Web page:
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An anti-racist approach to July 4

Growing up in the Midwest, my family always celebrated Independence Day at the lake, with burgers, fresh sweet corn, and of course, fireworks. The children of immigrants, my parents would often throw in a lesson or two as we waited for the fireworks show about the boundless opportunity availed to us in this land of the free. My dad often retold the stories of American history through the eyes of his parents -- the 20th century “welcoming melting pot” narrative -- which offered safety and opportunity to the tired, poor, and huddled masses like my grandparents who worked hard, lived frugally, and were eventually able to live the (white) American dream of education, home ownership, and freedom from persecution.

Indeed, for both his and my mother’s parents who were Russian Jewish and Armenian, respectively, America was a safe haven from the Russian pogroms, and the Armenian genocide, both of which claimed the lives of all but a few of their ancestors.

But despite their ethnic names, persecuted minority status, and the deep psychological wounding that came with it, my ancestors were relatively privileged by their whiteness. We now know that the melting pot was whitewashed racist code for assimilation, and that the American dream mythos that powered the “pulling oneself up by one’s bootstraps” trope was -- and still is -- a privilege afforded only to those of us with the access to the systems of power (e.g. white skin).

In 1852, Frederick Douglass gave his famous "What to the Slave is the Fourth of July?" speech at an event marking the signing of the Declaration of Independence in Rochester, NY. In it he stated:

"The rich inheritance of justice, liberty, prosperity and independence, bequeathed by your fathers, is shared by you, not by me. The sunlight that brought light and healing to you, has brought stripes and death to me. This Fourth of July is yours, not mine, You may rejoice, I must mourn."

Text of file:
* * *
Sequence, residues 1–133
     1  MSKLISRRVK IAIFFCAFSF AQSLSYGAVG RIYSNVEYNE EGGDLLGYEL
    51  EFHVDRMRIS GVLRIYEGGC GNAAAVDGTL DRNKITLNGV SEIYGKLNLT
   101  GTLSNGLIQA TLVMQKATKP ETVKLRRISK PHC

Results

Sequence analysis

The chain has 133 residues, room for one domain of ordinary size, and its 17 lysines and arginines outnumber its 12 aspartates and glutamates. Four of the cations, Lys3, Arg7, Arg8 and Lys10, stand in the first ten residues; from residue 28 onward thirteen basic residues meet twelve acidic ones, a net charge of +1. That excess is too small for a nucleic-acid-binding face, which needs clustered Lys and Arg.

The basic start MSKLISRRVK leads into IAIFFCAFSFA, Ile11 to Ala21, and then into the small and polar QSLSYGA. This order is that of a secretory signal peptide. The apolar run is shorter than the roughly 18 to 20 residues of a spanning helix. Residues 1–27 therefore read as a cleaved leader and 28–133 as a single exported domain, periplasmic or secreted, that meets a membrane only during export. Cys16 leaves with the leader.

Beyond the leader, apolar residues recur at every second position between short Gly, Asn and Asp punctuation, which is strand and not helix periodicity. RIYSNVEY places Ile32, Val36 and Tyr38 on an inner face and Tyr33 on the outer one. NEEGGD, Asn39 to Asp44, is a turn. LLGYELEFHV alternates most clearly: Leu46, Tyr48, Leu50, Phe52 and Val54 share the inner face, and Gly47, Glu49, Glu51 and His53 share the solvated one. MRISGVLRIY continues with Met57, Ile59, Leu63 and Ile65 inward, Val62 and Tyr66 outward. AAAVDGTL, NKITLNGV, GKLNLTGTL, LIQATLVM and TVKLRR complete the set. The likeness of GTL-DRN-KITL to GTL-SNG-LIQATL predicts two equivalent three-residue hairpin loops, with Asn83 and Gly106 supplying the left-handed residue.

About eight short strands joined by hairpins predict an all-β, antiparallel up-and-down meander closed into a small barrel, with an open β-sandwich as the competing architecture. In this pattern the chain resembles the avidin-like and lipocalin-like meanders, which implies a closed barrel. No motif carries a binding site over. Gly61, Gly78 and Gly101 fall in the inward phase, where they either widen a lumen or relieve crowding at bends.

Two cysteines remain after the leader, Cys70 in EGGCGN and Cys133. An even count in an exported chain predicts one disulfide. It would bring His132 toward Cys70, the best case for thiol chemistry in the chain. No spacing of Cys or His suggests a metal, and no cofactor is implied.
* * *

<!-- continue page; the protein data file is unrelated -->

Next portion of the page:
This Independence Day must be different.

Instead of grilling meat the planet can’t support, or whooping and hollering at fireworks, or exalting in triumphant stories of an America that never was, I wonder what it would look like to instead take July 4 as a day of reflection, like Chicago mayor Lori Lightfoot is intending to do.

What if we spent some time researching the state and local elections where candidates of color need some extra support -- and spend some time and/or money to actually support them? Or what if we read up on the indigenous people who cared for the land under our feet before we got here, placing our hands on the ground and saying a few words of thanks? Perhaps this could become a habit each time we leave the house. Thank you, and I’m sorry -- a daily practice in humility.

What if we observe the miracle of seeds growing into lemons or sunflowers or apple trees, and then reflect on the crucial and circumstantial role of light and water and soil? Or spend some time tracing the origins of the food we eat; who grew it, who harvested, cleaned, shipped, packaged, and stocked it on shelves?

What if we just stopped talking, and stared up at the buck full moon which has witnessed the Earth for over 4 billion years, and just listened?

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